Armed groups threw grenades at stations in both the capital Bujumbura and in some provinces ahead of Monday’s parliamentary and local elections, delaying the start of voting in many of the centres, police and election officials said.
“Voting has not yet begun in many centres in the capital because election officials are trying to prepare materials and in almost all of the stations, these arrived late because of the overnight attacks,” Cyriaque Bucumi, the president of the Bujumbura electoral commission, told Agence France-Presse.
The opposition and civil society groups are boycotting Monday’s polls, saying the elections – which the authorities have refused to delay despite calls from the international community – will not be free and fair.
Burundi has been roiled by weeks of unrest that has included widespread protests and a failed coup bid and that has killed more than 70 people and send thousands fleeing the central African country following President Pierre Nkurunziza’s bid for a third term.
Monday’s vote is for local and parliamentary seats, with a presidential election due to follow on July 15.
Burundi was plunged into turmoil in late April when Nkurunziza launched his drive for a third consecutive five-year term, triggering widespread protests.
Opponents say his bid for another term is unconstitutional and violates a peace accord that paved the way to end 13 years of civil war in 2006.
Several top officials – including the deputy vice-president Gervais Rufyikiri as well as members of the election commission and constitutional court – have also fled the poverty-stricken, landlocked country.
AU won’t observe elections
The African Union (AU) will not observe Burundi’s legislative elections scheduled for Monday, Nkosazana Dlamini-Zuma, the chairperson of the commission of the AU, has said.
In a communique released on Sunday, Dlamini-Zuma said the “AU reiterates the imperative need for dialogue and consensus for a lasting solution to the crisis in Burundi”.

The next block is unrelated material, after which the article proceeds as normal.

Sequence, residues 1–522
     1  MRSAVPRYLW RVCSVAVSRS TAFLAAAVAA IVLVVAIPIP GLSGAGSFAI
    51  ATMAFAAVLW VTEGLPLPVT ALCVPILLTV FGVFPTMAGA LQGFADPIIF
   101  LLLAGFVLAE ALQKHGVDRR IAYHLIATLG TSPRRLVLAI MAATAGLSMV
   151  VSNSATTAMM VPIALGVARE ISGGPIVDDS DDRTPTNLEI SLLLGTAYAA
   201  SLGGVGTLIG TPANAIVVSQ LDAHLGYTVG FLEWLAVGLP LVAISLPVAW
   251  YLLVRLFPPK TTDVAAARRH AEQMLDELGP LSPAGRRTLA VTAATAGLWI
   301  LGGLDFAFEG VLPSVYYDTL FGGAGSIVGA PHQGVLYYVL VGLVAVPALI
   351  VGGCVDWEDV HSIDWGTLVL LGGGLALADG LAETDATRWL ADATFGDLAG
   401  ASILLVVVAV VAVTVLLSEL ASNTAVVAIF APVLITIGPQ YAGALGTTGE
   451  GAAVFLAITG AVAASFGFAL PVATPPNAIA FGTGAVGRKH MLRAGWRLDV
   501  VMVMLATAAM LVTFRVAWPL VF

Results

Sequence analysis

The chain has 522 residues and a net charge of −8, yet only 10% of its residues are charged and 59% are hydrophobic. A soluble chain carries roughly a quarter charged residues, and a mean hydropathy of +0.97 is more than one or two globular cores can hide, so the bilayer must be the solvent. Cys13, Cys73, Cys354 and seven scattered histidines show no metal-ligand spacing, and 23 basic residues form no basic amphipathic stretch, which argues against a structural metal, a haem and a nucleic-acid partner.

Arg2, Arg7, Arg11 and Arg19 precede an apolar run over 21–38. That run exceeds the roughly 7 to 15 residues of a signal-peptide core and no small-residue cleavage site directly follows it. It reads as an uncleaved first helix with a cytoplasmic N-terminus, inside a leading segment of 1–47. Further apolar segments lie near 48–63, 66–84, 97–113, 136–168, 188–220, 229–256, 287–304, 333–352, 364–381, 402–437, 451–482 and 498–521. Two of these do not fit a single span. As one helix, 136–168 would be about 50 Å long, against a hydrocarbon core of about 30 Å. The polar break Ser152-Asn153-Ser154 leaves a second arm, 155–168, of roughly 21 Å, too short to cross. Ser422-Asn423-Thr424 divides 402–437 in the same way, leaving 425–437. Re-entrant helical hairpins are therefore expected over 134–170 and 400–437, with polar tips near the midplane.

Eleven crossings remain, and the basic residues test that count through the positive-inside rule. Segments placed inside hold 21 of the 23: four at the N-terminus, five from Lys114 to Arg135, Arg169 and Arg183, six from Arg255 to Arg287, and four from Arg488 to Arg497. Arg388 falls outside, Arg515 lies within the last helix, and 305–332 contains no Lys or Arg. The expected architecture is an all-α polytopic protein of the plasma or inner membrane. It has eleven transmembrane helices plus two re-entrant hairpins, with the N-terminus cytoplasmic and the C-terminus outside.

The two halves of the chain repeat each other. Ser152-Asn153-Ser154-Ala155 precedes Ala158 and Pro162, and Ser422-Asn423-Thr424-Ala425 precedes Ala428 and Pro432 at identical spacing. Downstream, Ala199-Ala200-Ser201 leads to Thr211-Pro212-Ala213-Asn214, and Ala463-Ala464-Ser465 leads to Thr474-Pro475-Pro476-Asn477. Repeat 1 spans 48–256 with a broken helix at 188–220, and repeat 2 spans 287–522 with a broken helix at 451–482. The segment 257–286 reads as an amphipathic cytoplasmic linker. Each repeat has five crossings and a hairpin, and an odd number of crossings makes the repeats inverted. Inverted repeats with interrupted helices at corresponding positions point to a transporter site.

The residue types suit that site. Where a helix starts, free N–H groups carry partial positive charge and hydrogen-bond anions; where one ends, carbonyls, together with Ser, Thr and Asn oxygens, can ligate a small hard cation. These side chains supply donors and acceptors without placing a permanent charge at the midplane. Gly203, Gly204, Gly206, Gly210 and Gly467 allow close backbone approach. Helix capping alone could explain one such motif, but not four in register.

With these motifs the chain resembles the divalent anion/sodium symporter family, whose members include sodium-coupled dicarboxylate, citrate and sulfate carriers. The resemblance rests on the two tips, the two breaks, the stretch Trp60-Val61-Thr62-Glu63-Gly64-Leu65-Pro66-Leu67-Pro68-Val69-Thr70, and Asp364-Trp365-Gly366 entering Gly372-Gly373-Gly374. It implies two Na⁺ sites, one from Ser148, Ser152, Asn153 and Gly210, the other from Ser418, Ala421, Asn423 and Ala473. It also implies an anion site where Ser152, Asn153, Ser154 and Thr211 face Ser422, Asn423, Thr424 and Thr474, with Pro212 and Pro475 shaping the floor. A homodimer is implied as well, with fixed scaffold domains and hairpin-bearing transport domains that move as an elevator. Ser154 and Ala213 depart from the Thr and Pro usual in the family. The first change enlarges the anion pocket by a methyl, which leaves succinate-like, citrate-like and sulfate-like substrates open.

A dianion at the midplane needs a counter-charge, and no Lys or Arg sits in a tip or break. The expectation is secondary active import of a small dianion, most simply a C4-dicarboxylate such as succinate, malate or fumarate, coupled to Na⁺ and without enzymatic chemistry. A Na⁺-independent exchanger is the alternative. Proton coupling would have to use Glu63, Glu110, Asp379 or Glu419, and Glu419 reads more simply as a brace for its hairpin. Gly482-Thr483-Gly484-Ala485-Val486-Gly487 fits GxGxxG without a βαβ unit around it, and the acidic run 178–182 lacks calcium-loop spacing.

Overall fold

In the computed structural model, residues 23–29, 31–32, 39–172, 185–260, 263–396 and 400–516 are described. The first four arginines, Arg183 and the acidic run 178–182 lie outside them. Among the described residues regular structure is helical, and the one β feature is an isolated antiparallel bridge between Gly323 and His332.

“[The AU] will not observe the elections scheduled for 29 June 2015,” Dlamini-Zuma said.
Nkurunziza’s opponents say his decision to stand again violates the constitution as well as a peace deal that ended a civil war in 2005
On Sunday, the country’s parliamentary speaker Pie Ntavyohanyuma said he had fled Burundi in fear of his life after opposing Nkurunziza’s bid for a third term in office.
“I was forced to quit the country due to the unrest caused by the president’s insistence on seeking a third term, which is illegal, which is unconstitutional,” Ntavyohanyuma told France 24 television from Belgium.
“I personally advised President Nkurunziza to drop his plan for a third term, but his answer was to threaten me, to humiliate me.”
At least three people were killed overnight in Bujumbura, residents said, a day before parliamentary and elections taking place amid an opposition boycott and fears of violence.
Nkurunziza has cited a constitutional court ruling saying he can run again, although the court’s vice president, another of those who have fled, said he and others had been pressured to rule in favour of Nkurunziza.
Dozens, including an opposition leader, have been killed in months of unrest, and the UNHCR, the UN refugee agency, says 127 000 have fled the country.
The opposition is boycotting both Monday’s vote and the presidential election on July 15. – AFP, African Media Agency.